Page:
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Dastaan-e-Ameer Humza; Origins and History

Updated: Jul 19, 2023

Dastaan e Ameer Humza

Daastan-e-Ameer Humza (also known as Humzanama or Tilism-e-Hoshruba) is a traditional Persian story originally written in the 13th century. It is a part of the larger story cycle of Ameer Humza, a legendary hero from Persian, Arabic, and Urdu literature. The protagonist, Ameer Humza, is believed to have been inspired by the character of the Prophet Muhammad (P.B.U.H)'s uncle, Humza (R). The epic is likely to have been inspired by the tradition of Daastangoi, storytelling cycles in Arabic, including 1001 nights, and legends in ancient Persian mythology.

The epic:

The story is set in the magical world of Hoshruba, ruled by the Sorcerer Afrasiyab, and the human realm, ruled by King Nausherwan. The story's main protagonist is Ameer Hamza, a prince and warrior known for his bravery, wisdom, and magical powers. He is aided in his quest by his nephew Amr bin Hares, a skilled warrior and magician.

The world of Tilsim-e-Hoshruba is a cornucopia of fantasy creatures, like dragons, demons, and giants, full of action-packed battles and magical adventures. The narrative is structured as a series of talismans, or magical worlds, that Ameer Hamza and his companions must navigate through in order to defeat Afrasiyab and his army of sorcerers.

The original text

The original text of Daastan-e-Ameer Hamza was written at the court of the Samanid dynasty in the 10th century CE. The author of the original text, Abu'l-Qasim Hasan Dehlavi, was a poet and scholar who lived in the 10th century CE at court and is said to have been known for his wit and humour.

Mughal-era retelling:

The most famous Persian manuscript of Daastan-e-Ameer Hamza is the one known as the "Hamzanama," a lavishly illustrated manuscript that dates back to the late 16th century and is now housed in the British Library in London, UK. It was commissioned by the Mughal emperor Akbar in the late 16th century and was created by a team of artists and calligraphers over a period of several years. It was intended as a tribute to the Persian heritage of the Mughal dynasty and as a celebration of the literary and artistic achievements of the Persian-speaking world.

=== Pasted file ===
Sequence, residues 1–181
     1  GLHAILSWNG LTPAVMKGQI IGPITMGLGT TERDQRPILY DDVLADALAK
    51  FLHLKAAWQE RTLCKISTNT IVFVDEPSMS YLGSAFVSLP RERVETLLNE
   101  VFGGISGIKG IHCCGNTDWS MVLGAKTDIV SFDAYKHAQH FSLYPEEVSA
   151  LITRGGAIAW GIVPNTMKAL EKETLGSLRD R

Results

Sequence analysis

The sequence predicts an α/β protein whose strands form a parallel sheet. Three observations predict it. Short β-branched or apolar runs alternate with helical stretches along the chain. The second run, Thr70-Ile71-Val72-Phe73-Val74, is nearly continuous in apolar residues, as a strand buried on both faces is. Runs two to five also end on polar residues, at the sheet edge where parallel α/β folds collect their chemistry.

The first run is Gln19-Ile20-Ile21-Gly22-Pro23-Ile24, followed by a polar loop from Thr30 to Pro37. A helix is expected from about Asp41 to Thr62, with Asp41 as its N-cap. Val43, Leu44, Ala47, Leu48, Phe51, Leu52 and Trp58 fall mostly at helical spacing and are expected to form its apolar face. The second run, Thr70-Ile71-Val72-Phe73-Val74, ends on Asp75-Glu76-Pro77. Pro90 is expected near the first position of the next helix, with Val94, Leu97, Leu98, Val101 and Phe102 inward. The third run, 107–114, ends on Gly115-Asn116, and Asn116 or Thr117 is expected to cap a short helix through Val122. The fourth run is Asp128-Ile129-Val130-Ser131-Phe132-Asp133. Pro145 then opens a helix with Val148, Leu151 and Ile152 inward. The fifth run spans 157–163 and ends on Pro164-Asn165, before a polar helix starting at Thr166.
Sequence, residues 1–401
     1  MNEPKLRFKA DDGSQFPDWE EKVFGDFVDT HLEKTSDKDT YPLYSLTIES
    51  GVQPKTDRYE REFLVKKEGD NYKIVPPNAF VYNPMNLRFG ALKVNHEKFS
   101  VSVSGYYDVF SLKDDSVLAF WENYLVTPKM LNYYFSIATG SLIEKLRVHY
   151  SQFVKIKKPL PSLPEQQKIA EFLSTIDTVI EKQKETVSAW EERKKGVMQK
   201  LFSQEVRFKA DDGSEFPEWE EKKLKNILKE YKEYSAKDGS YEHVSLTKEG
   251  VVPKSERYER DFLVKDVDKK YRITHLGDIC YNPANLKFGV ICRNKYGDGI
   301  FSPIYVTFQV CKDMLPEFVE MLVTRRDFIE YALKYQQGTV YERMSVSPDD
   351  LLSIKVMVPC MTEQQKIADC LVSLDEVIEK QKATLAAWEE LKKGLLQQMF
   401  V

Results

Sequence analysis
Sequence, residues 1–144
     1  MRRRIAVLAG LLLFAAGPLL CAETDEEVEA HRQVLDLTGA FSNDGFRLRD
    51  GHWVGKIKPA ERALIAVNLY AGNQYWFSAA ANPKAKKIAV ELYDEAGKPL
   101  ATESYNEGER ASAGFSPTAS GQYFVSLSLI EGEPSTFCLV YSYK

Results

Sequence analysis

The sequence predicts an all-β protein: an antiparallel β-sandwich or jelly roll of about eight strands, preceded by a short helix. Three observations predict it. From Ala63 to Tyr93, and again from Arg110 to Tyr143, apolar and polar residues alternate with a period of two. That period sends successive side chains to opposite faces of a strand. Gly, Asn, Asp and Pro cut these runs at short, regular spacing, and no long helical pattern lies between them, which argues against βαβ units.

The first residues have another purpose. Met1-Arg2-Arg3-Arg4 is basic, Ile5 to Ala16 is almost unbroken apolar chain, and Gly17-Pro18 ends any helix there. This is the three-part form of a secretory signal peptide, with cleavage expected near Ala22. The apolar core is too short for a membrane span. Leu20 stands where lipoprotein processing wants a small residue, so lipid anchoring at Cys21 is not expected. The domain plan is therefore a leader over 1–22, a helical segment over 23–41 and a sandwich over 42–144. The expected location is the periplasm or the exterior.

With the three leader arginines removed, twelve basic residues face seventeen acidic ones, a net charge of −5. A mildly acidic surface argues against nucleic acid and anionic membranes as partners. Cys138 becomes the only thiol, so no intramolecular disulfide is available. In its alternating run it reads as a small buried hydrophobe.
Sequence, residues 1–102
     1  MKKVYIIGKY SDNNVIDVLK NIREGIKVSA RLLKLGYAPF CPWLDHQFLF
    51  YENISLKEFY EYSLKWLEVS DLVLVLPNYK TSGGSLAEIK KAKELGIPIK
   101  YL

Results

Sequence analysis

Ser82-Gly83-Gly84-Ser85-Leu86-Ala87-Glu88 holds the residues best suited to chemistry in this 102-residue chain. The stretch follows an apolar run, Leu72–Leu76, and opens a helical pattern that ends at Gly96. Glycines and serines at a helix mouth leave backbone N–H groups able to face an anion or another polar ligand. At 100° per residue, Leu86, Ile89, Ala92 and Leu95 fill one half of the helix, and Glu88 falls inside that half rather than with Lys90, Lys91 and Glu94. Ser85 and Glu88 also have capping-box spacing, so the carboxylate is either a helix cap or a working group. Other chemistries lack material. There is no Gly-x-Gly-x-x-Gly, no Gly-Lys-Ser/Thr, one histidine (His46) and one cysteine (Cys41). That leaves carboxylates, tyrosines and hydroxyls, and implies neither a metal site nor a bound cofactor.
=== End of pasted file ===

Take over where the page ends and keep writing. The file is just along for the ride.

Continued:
The copy comprises over 1,400 pages, including 250 highly detailed and colourful illustrations depicting the magical events described in the text in what may be one of the finest examples of Persian miniature painting. It remains an important cultural artefact and a testament to the enduring popularity and influence of the epic. This copy of the Hamzanama was believed to be lost for centuries before being rediscovered in the mid-20th century by a British art historian named Stuart Cary Welch.

Translations and adaptations into Urdu:

Muhammad Hussain Jah, a 19th-century Urdu writer, wrote the most famous version of the epic in Urdu. He also wrote under the pen name "Miran." It was published in the 1860s and is considered the most comprehensive and influential version of the story in Urdu literature. It is often referred to as the "Jah Nama" or the "Tilism-e-Hoshruba," it consists of 46 volumes with more than 21,000 pages.

Other notable Urdu versions of the story include those written by Maulana Altaf Hussain Hali, Ahmad Husain Qamar, and Abdullah Bilgrami. These versions were written in the late 19th and early 20th centuries and helped to popularize the story among the masses. However, Jah's version remains the most widely read and celebrated adaptation of Daastan-e-Ameer Hamza in Urdu literature.

Impact and Significance in the modern world

Daastan-e-Ameer Hamza has significantly impacted Urdu literature and influenced many other works of fiction in the Urdu language. It has also been adapted into numerous stage plays, television dramas, and films, making it a beloved part of the South Asian cultural heritage.

It continues to be celebrated and revered at home, a cultural touchstone of sorts. It is still used to transmit moral and ethical values to young children. Seldom does one meet a child who has not been gifted one of the books from Tilsim-e-Hoshruba by their elders, making it a part of what we know as "Tarbiat" - the traditional education one receives at home.


This blog has been written by Miss Komal.

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